Council may let nepotism continue

Relatives would keep jobs under grandfather clause

10 members employ family

October 03, 2003|By Tom Pelton | Tom Pelton,SUN STAFF

As it debates strengthening the city's ethics laws, the Baltimore City Council is considering a grandfather clause that would allow six of its members to continue employing their adult children even as the council prohibits future lawmakers from hiring their own family members.

After a hearing of the council's Judiciary and Legislative Investigations Committee last night in City Hall, City Council President Sheila Dixon said she favors the idea of a grandfather clause, which would prevent current council employees from losing their jobs.

"I think in some cases, the grandfather clause is fair, in particular in regard to areas where it could affect someone's livelihood," said Dixon, who employs her sister as a part-time assistant.

Dixon is one of three council members - along with Pamela V. Carter and John L. Cain - who employ a sibling. This practice appears to be prohibited by the city's ethics laws, and would continue to be outlawed, although the city's five-member Board of Ethics is considering the three cases and what should be done about them.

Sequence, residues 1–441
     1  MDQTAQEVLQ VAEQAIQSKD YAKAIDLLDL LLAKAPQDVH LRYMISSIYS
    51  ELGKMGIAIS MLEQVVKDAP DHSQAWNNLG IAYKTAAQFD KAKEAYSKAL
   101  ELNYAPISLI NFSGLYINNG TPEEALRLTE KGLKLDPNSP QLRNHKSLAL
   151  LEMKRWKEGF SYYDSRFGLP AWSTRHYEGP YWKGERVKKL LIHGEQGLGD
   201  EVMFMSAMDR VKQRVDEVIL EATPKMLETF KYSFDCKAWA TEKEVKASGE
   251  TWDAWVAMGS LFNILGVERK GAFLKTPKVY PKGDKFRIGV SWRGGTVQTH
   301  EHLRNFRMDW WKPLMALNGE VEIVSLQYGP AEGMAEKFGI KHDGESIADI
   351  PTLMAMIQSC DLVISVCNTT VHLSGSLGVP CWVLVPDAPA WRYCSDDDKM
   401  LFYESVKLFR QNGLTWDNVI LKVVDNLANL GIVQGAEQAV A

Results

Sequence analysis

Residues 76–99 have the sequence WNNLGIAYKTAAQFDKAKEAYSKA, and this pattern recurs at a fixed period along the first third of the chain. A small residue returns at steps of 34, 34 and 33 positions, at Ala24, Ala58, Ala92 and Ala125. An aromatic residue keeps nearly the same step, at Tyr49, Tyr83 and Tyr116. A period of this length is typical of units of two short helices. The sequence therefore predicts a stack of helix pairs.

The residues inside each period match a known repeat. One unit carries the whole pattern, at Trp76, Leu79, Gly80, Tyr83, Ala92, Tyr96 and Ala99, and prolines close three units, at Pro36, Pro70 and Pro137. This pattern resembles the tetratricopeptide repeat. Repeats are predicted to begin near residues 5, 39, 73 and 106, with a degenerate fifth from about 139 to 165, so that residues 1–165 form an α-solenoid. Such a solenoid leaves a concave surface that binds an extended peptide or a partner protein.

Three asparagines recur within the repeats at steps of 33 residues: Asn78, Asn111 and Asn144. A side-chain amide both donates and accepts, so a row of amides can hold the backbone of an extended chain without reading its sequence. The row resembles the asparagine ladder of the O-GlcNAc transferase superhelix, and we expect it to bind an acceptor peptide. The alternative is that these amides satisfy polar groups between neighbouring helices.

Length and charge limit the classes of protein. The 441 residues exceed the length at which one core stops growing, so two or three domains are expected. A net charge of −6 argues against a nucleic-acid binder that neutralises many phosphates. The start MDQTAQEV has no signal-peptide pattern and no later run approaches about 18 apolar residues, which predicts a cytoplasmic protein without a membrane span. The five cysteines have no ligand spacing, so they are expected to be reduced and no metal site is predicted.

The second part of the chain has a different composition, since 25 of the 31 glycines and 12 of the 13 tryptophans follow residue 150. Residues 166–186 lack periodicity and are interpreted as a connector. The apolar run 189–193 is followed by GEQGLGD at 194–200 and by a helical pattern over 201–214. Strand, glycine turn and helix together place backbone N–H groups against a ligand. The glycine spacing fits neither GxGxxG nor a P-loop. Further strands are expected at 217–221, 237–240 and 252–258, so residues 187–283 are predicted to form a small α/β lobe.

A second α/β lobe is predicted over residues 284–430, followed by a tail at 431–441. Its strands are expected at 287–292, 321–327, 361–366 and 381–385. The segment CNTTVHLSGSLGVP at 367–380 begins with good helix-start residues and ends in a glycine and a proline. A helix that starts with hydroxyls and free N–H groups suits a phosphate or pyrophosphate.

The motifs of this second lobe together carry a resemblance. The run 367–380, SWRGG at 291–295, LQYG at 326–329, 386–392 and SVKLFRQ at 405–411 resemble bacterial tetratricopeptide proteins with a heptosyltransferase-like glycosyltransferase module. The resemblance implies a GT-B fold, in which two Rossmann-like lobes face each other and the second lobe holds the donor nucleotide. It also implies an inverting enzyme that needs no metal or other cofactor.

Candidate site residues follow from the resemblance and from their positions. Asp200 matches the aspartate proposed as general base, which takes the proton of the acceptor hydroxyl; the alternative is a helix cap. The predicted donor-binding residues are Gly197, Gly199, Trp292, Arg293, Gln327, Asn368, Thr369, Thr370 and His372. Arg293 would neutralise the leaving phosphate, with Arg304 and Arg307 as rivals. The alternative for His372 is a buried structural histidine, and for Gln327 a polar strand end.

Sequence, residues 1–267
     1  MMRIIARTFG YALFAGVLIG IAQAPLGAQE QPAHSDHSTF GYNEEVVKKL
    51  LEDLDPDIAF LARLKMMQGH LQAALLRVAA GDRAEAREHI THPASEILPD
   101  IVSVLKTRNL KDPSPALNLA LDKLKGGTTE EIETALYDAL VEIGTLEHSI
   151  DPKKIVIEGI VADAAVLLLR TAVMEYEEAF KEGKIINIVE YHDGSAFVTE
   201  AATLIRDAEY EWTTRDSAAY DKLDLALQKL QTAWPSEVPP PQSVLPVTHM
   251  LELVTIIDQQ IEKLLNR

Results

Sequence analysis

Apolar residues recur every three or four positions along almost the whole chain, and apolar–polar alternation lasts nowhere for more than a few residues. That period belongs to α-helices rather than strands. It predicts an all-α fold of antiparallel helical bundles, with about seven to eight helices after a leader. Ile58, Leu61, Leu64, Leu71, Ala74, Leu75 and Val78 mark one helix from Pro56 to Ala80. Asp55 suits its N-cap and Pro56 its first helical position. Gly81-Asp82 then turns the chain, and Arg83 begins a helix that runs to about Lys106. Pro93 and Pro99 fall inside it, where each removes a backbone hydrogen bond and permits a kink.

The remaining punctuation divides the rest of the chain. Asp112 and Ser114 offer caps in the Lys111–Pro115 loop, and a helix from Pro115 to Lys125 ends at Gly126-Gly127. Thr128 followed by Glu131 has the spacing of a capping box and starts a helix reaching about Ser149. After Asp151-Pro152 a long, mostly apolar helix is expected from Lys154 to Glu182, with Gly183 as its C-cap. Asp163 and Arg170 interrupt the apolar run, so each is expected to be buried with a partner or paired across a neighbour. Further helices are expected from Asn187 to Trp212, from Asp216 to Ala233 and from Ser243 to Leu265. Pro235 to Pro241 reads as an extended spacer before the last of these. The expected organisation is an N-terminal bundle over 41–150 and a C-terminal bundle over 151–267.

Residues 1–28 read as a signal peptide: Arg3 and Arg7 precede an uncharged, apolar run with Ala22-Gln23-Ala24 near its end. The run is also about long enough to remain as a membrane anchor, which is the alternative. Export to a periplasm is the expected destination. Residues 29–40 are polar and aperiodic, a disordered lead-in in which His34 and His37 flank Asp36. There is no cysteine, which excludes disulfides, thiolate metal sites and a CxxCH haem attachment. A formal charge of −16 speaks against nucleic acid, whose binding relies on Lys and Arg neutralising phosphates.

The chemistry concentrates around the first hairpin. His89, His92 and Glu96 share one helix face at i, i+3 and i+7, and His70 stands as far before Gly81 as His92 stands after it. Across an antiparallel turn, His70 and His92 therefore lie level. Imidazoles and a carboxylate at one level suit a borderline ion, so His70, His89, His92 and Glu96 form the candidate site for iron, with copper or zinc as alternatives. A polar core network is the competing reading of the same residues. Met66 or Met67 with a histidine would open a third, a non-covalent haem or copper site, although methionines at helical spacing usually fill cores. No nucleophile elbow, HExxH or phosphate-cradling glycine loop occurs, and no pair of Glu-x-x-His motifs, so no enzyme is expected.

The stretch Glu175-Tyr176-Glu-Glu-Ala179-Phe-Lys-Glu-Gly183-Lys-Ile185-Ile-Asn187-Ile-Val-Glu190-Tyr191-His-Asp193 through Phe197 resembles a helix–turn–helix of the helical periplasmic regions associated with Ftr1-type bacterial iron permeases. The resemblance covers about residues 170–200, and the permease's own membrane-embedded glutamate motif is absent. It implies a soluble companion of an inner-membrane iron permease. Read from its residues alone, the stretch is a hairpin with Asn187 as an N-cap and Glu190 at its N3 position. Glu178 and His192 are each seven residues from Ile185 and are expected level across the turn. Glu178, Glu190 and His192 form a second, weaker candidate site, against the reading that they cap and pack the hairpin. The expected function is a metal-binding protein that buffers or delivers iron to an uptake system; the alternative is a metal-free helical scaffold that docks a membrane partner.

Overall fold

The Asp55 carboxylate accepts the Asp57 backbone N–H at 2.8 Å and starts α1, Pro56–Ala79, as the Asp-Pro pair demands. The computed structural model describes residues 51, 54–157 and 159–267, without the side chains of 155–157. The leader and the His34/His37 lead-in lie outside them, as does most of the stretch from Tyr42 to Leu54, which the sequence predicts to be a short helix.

Six of the council's 19 members - Carter, Kwame Osayaba Abayomi, Agnes Welch, Bernard C. "Jack" Young, Paula Johnson Branch and Lois A. Garey - employ their adult children. This is currently allowed by the city's ethics laws, but it would be prohibited under a bill called "Ethics: Raising the Bar" that was introduced by Dixon on July 14. The proposal came after more than three years of study by the city's Board of Ethics, which recommended the changes.

Nepotism became an issue in the recent Sept. 9 City Council primary after The Sun reported on July 27 that a majority of council members - 10 of 19 - have hired a relative. One councilman, Robert W. Curran, hired a niece and another, Kenneth N. Harris Sr., hired his mother-in-law.

The idea of a grandfather clause to protect the jobs of all relatives on the city's payroll was introduced last night by Avery Aisenstark, executive director of the city's ethics board. He argued that the state made a similar allowance when it outlawed in 1999 the hiring of certain family members of state legislators.

Aisenstark said the six council members who employ children might consider recusing themselves from the vote on the grandfather clause, because it might affect their relatives.

The committee did not vote last night, but held the first of what will probably be several meetings to discuss the proposed changes to the ethics law.

Other proposed strengthenings of the ethics law include a prohibition on public servants accepting gifts or tickets from people who do business with the city, except for most tickets to public or cultural events given by the event host as a courtesy to the council. Another change - objected to by some council members - would create a two-year prohibition on "revolving door" employment by officials who leave city jobs to take positions with companies performing work on projects that they worked on while in office.

The one member of the public who testified, Joan L. Floyd, said the ethics law should be tightened even more. "How many of Baltimore City's problems can be truly solved without first addressing this culture of corruption?" asked Floyd, an independent candidate for council president in November 2004.

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